There are 3 separate dates set aside for Children’s Day worldwide in November;
• November 1st – South Africa
• November 14th – India
• November 20th – Universal Children’s Day – Canada, Egypt, Finland, Ireland, Israel, Philippines & Trinidad and Tobago
So what is Children’s Day?
For those of you who maybe haven’t heard of the day before, it is a day set aside to honour children on a global level, first proclaimed in 1925 by the World Conference of the well-being of children and established universally in 1954. Different countries have different dates on an annual basis, but Universal Children’s Day, this year on November 20th, was recommended by the UN and is seen as the major global variant to other dates set aside around the world. Children’s Day has 2 aims – honouring children, but also to bring awareness across the world to children who have been exploited, abused and discriminated against.
So how is Children’s Day celebrated? That depends on the country and local traditions; for example, in Brazil and Chile, parents give their children gifts, whereas in Egypt it is seen more of a festival day, with fun and games across the country. In South Africa, celebrating Nov 1st this year and always on the first Saturday in November, the day holds a more sombre meaning due to the issues faced by the children in the country, including poverty, abuse and various illnesses. This year, the Minister for the Dept of Women, Children and those with Disabilities will visit a child-led project at the Ugu Sports and Leisure Centre, Ugu Municipality, KwaZulu- Natal to host an interactive dialogue on violence against children, to raise awareness.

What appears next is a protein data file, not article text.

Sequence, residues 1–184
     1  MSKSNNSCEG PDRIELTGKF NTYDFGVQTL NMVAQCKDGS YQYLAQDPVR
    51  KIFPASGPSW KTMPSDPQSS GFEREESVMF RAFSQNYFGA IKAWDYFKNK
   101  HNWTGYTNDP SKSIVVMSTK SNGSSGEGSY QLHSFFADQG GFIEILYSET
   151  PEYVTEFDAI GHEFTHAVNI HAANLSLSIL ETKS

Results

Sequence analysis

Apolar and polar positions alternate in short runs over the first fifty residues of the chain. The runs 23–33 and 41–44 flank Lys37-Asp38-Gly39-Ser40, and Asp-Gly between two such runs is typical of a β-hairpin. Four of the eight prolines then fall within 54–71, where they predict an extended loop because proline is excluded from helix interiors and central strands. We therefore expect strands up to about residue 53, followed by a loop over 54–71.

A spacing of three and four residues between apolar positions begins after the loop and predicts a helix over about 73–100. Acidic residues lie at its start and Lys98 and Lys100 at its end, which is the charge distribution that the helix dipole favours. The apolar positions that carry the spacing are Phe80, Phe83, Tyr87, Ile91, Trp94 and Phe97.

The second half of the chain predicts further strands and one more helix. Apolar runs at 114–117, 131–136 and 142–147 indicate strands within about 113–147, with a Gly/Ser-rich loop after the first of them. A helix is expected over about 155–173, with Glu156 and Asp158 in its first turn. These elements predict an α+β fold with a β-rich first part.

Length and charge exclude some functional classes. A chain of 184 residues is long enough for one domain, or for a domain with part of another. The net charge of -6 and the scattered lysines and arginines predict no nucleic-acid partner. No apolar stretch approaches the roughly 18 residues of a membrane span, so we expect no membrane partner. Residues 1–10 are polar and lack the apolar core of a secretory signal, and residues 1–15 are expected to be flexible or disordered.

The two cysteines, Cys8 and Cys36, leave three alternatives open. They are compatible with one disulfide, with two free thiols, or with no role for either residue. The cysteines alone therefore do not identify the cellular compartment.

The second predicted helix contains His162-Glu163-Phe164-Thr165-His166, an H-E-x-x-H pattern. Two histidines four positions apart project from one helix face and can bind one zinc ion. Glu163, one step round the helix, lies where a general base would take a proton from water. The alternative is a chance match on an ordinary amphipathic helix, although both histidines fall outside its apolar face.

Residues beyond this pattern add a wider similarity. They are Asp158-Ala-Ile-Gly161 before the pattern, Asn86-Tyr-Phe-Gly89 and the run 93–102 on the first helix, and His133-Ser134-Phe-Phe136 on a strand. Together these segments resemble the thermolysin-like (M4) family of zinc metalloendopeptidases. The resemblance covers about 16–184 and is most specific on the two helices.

Marking the Occasion in India
Children’s Day is always celebrated on Nov 14 in India, as this is the birthday of Jawaharlal Nehru, India’s first Prime Minister, who was in power from 1889-1964 and was well known for placing particular emphasis on giving love and affection to children across the country. He saw them as India’s bright future.
To mark the importance of the date, many schools hold celebratory events, including cultural performances, film festivals and competitions, as well as both State and Central Government involvement.
Universal Children’s Day
This is marked every year on 20th November by Canada, Egypt, Finland, Ireland, Israel, Philippines & Trinidad and Tobago in various ways…
Celebrated since 1993, it is seen as a date to raise awareness for the protection and basic human rights for children and young adults, and marks the date when Canada adopted the UNCRC.
As above, it is seen more of a festival day in Egypt, with games and fun activities for children across the country, although it must be noted that many children are still in need of assistance.
Known as the Day of Children’s Rights, each year is marked with a different theme. This year will be the rights of disabled children and an action plan is available online detailing the plans from the Office of the Ombudsman.
The Irish believe on this day that all should take pride in their child’s/children’s development and successes, on the basis that the children are the future and will lead the way for future country growth.
Classes and seminars are typically held throughout the day to mark Children’s Day in Israel, typically focusing around topics such as youth marriages.
As with the majority of other countries, the Philippines see this date as one to promote awareness of the protection of the rights of the country’s children, and to also raise awareness of the needs of street children.
Trinidad and Tobago
Children’s Day follows immediately after International Men’s Day (19th Nov) each year, which allows 2 consecutive days celebrating their menfolk and children. Festivals, fun and games are all part of the celebrations.